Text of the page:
photo by: Joeff Davis

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Best food spectacle

Gunshow Gunshow
Get your tickets to the GUNSHOW because there is no place quite like it. Kevin Gillespie’s Glenwood Park hot spot is the rare collision of cool concept meets exceptional food. There are no menus with set courses; rather, dishes audition for your choosing as chefs come to the table and present itemsmore...
Get your tickets to the GUNSHOW because there is no place quite like it. Kevin Gillespie’s Glenwood Park hot spot is the rare collision of cool concept meets exceptional food. There are no menus with set courses; rather, dishes audition for your choosing as chefs come to the table and present items both homey and exotic. A mashup of dim sum and Brazilian churrascaria, where a wide-open kitchen sets the stage for maximum chef-diner interaction, Gunshow is never the same place twice. Executive chef Joey Ward carefully curates a scene of clever, heartfelt and playful food. Cocktails come by way of a rolling cart, where your conductor, Mercedes O’Brien, mixes and stirs right in front of you. 924 Garrett St., Suite C. 404-380-1886. www.gunshowatl.com. less...

Best little chocolate factory in Atlanta

XOCOLATL
Nestled inside Krog Street Market sits the tiniest chocolate factory in Atlanta — and maybe the nation. Husband and wife team Elaine Read and Matt Weyandt opened XOCOLATL back in 2014 and have been steadily churning chocolate bars (and their highly addictive drinking chocolate — hot in the wintermore...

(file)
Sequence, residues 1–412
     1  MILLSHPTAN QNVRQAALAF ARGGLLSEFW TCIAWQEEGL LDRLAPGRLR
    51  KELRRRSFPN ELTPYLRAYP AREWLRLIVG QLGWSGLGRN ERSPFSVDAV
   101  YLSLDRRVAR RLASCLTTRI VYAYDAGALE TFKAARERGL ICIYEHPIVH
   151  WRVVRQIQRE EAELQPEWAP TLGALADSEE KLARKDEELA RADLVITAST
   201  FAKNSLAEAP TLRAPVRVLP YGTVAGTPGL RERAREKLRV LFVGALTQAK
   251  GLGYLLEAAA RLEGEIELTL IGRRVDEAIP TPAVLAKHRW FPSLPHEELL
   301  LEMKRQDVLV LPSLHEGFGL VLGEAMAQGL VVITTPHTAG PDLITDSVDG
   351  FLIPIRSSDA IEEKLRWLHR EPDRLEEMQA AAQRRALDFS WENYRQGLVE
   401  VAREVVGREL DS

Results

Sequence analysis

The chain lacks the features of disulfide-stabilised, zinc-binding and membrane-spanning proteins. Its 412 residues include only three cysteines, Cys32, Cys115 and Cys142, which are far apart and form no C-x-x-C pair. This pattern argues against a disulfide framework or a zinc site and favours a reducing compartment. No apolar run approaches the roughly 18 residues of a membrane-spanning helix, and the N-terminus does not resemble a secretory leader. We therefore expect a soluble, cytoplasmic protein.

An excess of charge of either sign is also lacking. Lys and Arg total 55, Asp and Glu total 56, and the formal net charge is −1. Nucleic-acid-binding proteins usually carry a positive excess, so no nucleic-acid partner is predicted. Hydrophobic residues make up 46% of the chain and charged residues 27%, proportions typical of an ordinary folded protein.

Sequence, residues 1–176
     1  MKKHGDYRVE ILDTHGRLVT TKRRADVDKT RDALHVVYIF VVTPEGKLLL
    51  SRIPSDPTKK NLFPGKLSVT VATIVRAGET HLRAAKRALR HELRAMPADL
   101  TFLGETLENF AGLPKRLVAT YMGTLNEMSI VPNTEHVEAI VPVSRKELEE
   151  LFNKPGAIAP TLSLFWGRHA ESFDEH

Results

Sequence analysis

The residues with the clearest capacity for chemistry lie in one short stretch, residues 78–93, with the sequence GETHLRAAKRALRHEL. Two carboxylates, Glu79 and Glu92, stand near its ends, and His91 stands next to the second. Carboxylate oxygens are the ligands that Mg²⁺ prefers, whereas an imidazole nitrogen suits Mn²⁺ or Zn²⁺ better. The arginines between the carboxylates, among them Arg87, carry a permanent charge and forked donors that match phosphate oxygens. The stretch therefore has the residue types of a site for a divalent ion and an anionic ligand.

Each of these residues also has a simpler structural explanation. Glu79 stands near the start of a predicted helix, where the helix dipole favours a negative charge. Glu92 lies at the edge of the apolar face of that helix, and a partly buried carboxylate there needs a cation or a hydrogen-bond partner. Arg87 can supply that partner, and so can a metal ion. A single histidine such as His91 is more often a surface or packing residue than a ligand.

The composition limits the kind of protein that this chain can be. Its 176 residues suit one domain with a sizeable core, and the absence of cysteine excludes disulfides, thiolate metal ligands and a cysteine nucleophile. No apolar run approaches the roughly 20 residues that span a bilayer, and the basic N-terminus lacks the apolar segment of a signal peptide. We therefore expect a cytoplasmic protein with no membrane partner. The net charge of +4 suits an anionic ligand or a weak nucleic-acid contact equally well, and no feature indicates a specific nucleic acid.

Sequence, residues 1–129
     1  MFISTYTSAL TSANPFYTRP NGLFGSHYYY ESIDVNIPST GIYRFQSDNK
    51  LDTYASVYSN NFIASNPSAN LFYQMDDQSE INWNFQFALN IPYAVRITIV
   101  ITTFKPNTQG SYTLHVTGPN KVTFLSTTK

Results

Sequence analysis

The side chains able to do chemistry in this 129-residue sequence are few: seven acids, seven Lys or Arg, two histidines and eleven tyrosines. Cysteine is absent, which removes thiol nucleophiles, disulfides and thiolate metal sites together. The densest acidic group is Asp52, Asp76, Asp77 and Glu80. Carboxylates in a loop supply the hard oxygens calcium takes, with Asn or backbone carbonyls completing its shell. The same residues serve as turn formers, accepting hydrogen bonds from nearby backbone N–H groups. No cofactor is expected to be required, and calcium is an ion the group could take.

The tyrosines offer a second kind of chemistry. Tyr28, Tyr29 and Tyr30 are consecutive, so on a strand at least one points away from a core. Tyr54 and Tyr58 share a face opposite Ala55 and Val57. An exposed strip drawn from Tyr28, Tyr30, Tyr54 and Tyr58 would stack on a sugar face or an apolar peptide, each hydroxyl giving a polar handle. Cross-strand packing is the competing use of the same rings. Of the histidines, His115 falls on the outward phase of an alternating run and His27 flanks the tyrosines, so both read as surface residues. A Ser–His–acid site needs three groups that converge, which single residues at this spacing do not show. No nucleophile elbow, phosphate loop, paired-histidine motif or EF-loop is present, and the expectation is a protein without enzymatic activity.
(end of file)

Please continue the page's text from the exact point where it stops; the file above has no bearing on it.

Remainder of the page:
Nestled inside Krog Street Market sits the tiniest chocolate factory in Atlanta — and maybe the nation. Husband and wife team Elaine Read and Matt Weyandt opened XOCOLATL back in 2014 and have been steadily churning chocolate bars (and their highly addictive drinking chocolate — hot in the winter and frozen in the summer) out of their miniscule 250-something-square-foot space ever since. The couple is serious about ingredients and sourcing. All bars are single origin and start with a base of just cane sugar and pure cacao from South and Central America. Be sure to try their latest offering: Love & Happiness, made with Peruvian cacao beans, fresh raspberry and blood orange. 99 Krog St. N.E. 404-604-9642. www.xocolatlchocolate.com less...